By Helen Steadman, Oct 14 2017 07:05PM
Well, what a morning!
Some time in mid-July, I realised I need to write a sequel to Widdershins. When I sent off the final proof, I immediately stopped thinking about it. But when the magical period of publication came round, it was always on my mind. Then the characters started bothering me and hanging around in my mind late at night when I was trying to get some (much-needed) sleep.
Eventually, I decided that the only way to get them out of my head was to write them out. Then I had all sorts of panics, and bombarded myself with so many 'what if?' questions that I could barely hold pen to paper. Yes, writer's block, performance anxiety, that difficult second book, whatever you want to call it, had struck.
Whenever I feel stuck with my writing, I turn to morning pages to get me unstuck. That's when I had my brilliant idea: what if I wrote the whole novel by doing morning pages? It was a brilliant idea in theory. It was much less brilliant on the first Monday morning when I had to wake up at 5.45 am.
Normally, I like a gradual awakening. I have three gentle alarms set on my phone, five minutes apart. I also have a dawn simulator and then a loud klaxon-like alarm just in case all else fails. This way, I drift gradually into consciousness and feel reasonably sensible and calm when I wake up.
For morning pages to work properly, it's important to still be in the hypnopompic dream state. That means no more gentle wake-up call. So, all the nice, gentle, soothing alarms were turned off. The lovely dawn simulator and its soft, golden sunrise was turned off. That left the klaxon.
I stored my work in progress to the left of my pillow, along with pen and glasses. The second the alarm went off, I'd turn on the lamp, put on my specs, pick up the pen and start writing. Easier said than done when your eyes aren't focused and you still have sleep paralysis in your hands. Still, it really gets the job done.
So, fast-forward a few months... I started doing my morning pages today, and because it was Saturday and I didn't have to stop for anything (like ordering kids in and out of the shower, or rushing off to work), I just kept going. And then suddenly, I realised, that's it. It's done!
I started writing on 11th July and I finished today on 14th October. So, 95 days and 76,375 words later, the first draft is done. That would be about a hundred hours' worth of writing. But now the real work begins. I'll type it up (least favourite part because I can't read my own writing at the best of times, let alone when it's been written using hands that can't grip a pen properly). Then I'll leave it to brew for a while before I start rewriting and editing. The typing, rewriting and editing part will take me 20 times longer than the writing part. But it's easier in many ways. I can only write in very short bursts of an hour or so a day before my brain hurts, but I can edit for ten hours a day without too many tears (as long as I have regular eye and leg breaks).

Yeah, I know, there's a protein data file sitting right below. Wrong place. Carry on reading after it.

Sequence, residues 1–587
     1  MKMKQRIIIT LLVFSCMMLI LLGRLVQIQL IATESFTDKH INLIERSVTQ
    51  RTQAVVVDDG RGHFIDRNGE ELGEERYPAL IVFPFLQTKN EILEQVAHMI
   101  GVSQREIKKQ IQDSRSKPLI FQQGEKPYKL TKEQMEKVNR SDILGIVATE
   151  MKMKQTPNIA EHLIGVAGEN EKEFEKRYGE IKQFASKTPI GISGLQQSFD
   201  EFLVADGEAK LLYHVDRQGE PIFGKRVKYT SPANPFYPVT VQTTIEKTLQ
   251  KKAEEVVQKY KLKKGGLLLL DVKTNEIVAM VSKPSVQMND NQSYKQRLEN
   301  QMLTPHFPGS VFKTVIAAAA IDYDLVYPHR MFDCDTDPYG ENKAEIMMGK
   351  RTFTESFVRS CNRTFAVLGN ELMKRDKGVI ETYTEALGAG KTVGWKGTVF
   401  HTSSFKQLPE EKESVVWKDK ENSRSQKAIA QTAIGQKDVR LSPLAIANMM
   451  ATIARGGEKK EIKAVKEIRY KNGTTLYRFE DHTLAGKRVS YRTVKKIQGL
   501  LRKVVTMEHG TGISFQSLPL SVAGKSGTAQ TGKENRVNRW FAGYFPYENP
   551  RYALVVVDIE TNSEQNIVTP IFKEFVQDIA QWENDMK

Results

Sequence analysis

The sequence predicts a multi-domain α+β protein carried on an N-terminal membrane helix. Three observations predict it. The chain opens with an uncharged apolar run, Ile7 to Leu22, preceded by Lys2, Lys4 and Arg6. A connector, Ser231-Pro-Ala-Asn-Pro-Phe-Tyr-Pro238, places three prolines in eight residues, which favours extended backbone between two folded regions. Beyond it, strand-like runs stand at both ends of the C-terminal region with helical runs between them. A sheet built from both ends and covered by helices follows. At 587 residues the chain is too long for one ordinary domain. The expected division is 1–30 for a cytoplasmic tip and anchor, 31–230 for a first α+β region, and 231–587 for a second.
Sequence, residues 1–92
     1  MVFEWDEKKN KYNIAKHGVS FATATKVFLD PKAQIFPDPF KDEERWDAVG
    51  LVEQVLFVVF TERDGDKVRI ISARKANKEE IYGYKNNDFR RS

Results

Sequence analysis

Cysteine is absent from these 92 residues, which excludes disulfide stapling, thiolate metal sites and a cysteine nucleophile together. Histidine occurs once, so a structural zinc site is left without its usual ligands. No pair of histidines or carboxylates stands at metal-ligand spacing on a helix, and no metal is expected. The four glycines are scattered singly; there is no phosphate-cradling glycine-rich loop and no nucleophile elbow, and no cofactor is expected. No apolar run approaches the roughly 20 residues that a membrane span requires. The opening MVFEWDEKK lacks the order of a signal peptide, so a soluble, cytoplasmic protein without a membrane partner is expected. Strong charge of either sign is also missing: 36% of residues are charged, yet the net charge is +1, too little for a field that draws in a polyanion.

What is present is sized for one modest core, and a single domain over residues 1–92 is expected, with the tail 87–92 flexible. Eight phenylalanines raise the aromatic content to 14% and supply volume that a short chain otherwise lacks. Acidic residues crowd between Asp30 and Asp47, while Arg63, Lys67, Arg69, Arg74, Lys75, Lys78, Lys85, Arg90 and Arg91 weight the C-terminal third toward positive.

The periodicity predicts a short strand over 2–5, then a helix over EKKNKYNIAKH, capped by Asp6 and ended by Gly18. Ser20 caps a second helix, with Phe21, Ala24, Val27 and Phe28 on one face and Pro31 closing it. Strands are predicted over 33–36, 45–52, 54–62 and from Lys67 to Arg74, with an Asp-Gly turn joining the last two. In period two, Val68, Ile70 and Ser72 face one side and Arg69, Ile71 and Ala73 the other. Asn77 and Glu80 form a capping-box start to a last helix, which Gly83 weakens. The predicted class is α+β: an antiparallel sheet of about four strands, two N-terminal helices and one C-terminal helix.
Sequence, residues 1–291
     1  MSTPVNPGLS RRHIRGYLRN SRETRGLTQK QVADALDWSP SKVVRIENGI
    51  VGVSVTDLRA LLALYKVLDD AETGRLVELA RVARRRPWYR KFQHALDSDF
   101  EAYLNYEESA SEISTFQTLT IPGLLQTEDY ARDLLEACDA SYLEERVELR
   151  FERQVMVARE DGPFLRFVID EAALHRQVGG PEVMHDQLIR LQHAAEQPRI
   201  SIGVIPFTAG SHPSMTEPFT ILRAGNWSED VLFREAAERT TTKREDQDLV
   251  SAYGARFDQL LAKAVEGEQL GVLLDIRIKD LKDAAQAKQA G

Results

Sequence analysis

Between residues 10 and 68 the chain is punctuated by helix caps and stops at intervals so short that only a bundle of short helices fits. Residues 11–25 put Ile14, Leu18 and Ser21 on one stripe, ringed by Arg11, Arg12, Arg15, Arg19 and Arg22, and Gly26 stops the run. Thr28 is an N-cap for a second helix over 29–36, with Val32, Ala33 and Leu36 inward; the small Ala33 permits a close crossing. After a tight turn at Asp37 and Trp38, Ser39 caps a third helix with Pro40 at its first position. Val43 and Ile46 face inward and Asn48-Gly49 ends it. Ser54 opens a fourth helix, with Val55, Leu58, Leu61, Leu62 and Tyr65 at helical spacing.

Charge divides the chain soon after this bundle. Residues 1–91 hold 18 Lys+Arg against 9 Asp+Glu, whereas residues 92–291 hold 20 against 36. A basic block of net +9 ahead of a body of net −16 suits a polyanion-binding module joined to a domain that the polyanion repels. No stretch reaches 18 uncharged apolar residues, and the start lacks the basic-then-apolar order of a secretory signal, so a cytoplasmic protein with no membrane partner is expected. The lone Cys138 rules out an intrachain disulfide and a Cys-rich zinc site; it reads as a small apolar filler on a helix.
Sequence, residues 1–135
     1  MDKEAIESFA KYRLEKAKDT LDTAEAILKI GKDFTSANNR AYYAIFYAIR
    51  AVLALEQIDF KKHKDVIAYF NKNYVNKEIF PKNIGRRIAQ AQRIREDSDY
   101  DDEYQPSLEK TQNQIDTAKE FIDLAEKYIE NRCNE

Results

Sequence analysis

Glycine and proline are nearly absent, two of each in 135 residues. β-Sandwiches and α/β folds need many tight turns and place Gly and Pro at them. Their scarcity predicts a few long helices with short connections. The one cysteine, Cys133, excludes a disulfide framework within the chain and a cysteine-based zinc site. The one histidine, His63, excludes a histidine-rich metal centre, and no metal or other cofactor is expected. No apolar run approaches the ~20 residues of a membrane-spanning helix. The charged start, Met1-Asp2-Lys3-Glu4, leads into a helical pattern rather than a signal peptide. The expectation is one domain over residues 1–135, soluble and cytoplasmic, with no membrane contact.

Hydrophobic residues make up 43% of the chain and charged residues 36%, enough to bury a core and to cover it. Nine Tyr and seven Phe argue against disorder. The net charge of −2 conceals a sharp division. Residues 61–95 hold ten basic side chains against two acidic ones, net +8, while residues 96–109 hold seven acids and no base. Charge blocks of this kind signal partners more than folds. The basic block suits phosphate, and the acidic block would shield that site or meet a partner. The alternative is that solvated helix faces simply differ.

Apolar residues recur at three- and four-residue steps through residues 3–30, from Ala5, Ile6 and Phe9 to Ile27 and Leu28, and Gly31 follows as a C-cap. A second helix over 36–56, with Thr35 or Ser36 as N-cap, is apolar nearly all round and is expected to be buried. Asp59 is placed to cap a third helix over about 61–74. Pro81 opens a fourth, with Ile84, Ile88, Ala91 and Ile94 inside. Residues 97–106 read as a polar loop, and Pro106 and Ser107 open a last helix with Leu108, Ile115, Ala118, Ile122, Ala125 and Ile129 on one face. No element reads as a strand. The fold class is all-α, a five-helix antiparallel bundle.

All being well, I hope the Widdershins sequel will see the light of day some time in 2018 (fingers crossed)! It might be called Deiseal, or Deosil, or Sunwise, or something completely different...we'll see.
If you've not tried morning pages, I heartily recommend them as a top writing tip. They were first mentioned by Dorothea Brande in her excellent book, Becoming a Writer, and they were popularised by Julia Cameron in The Artist's Way. They're extremely hard to do, especially if you're not a morning person, but give them a try and you'll find they improve your work enormously. As an added bonus, your writing is done for the day, so that's a massive tick on the to-do list and one less thing to worry about.
Best wishes, Helen
PS According to Hilary Mantel, Dorothea Brande's book is the only 'how-to' book you need to read. And she knows what she's talking about! (I wonder if Dame HIlary does morning pages. Will add to list of questions to ask next time I see her!)